The “government by virtue” is built on the conscience of the individual, for the moral awakening of the individual is regarded as its foundation. In the case also of the ruler, if there is no lofty moral character inherent in the statesman who gives the orders, it cannot be expected that his orders will secure the obedience of the people. Government would be carried out most perfectly in a situation in which both ruler and ruled were persons of good character, and were together possessed of a moral awareness. In this way, with a mutual understanding between prince and servant, government can be conducted in complete and unobstructed harmony.

What are the “secrets of good government”? Everyone should play his role and be guided by the laws of morality. If the prince properly discharges his part as prince, then the servant will fulfil his own due functions. The most important requisite for good government is this mutual discharge of respective duties, as dictated by the individual’s moral conscience.            You may ask me about the principles which should govern a ruler’s treatment of his ministers, and the ministers’ service to their prince. The discharge of one’s function should result in action which conforms to the canons of ritual, and in this respect, the standard is the ritual which grows from and conforms to the custom of the group (Hirth, 1950, p. 77).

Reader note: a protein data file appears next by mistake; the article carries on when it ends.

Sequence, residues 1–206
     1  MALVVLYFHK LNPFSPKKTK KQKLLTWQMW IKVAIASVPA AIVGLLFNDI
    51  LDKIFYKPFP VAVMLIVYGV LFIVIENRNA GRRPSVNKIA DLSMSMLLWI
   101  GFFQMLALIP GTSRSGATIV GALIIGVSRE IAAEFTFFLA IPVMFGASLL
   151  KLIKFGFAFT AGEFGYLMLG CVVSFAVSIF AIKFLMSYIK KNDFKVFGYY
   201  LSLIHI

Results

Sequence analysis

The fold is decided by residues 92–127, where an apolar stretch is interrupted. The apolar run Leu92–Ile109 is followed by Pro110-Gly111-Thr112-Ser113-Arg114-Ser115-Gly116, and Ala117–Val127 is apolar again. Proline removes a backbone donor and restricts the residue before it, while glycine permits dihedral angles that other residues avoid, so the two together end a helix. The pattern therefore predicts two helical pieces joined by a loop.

The basic difference between the concept of the nature of the law and the government by virtue is that action in accordance with the law should not be unconscious, but should stem from the realization by the individual of his proper place and function within a group, and should be an autonomous obedience, as to a moral imperative (Hirth, 1950, p. 70). Even though there is small difference between the government by virtue and the government by law, the government by virtue is not the opposite to the law: it would be more correct to say that results similar to those obtainable by the working of the law could be gained autonomously through the moral awakening of the individual.